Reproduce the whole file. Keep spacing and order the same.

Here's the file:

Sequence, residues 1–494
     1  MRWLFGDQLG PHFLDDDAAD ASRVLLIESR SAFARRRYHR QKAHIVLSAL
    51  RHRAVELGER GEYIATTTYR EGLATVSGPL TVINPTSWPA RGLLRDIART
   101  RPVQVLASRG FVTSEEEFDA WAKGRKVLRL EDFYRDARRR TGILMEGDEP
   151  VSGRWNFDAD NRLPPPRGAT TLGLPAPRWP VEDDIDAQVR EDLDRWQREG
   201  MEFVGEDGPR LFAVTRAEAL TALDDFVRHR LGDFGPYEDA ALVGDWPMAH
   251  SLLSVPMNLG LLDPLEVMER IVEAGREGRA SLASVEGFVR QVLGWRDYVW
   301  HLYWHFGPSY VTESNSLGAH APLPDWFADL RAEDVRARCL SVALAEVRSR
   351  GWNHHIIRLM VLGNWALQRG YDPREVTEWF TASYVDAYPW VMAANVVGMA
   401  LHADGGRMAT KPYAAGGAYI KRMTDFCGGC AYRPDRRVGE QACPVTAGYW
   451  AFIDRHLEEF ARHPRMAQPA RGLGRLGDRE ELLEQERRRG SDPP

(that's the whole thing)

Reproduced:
Sequence, residues 1–494
     1  MRWLFGDQLG PHFLDDDAAD ASRVLLIESR SAFARRRYHR QKAHIVLSAL
    51  RHRAVELGER GEYIATTTYR EGLATVSGPL TVINPTSWPA RGLLRDIART
   101  RPVQVLASRG FVTSEEEFDA WAKGRKVLRL EDFYRDARRR TGILMEGDEP
   151  VSGRWNFDAD NRLPPPRGAT TLGLPAPRWP VEDDIDAQVR EDLDRWQREG
   201  MEFVGEDGPR LFAVTRAEAL TALDDFVRHR LGDFGPYEDA ALVGDWPMAH
   251  SLLSVPMNLG LLDPLEVMER IVEAGREGRA SLASVEGFVR QVLGWRDYVW
   301  HLYWHFGPSY VTESNSLGAH APLPDWFADL RAEDVRARCL SVALAEVRSR
   351  GWNHHIIRLM VLGNWALQRG YDPREVTEWF TASYVDAYPW VMAANVVGMA
   401  LHADGGRMAT KPYAAGGAYI KRMTDFCGGC AYRPDRRVGE QACPVTAGYW
   451  AFIDRHLEEF ARHPRMAQPA RGLGRLGDRE ELLEQERRRG SDPP